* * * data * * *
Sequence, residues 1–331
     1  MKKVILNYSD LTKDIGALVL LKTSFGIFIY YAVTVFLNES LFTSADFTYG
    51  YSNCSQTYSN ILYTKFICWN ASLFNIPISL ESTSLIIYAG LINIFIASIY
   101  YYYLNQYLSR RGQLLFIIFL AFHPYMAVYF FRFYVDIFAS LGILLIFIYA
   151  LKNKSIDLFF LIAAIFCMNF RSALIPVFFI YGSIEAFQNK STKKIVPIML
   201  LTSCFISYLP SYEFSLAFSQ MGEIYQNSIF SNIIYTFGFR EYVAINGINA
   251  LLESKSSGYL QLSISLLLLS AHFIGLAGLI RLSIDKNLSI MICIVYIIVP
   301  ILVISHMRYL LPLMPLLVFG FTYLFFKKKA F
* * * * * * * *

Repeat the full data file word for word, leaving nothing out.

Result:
Sequence, residues 1–331
     1  MKKVILNYSD LTKDIGALVL LKTSFGIFIY YAVTVFLNES LFTSADFTYG
    51  YSNCSQTYSN ILYTKFICWN ASLFNIPISL ESTSLIIYAG LINIFIASIY
   101  YYYLNQYLSR RGQLLFIIFL AFHPYMAVYF FRFYVDIFAS LGILLIFIYA
   151  LKNKSIDLFF LIAAIFCMNF RSALIPVFFI YGSIEAFQNK STKKIVPIML
   201  LTSCFISYLP SYEFSLAFSQ MGEIYQNSIF SNIIYTFGFR EYVAINGINA
   251  LLESKSSGYL QLSISLLLLS AHFIGLAGLI RLSIDKNLSI MICIVYIIVP
   301  ILVISHMRYL LPLMPLLVFG FTYLFFKKKA F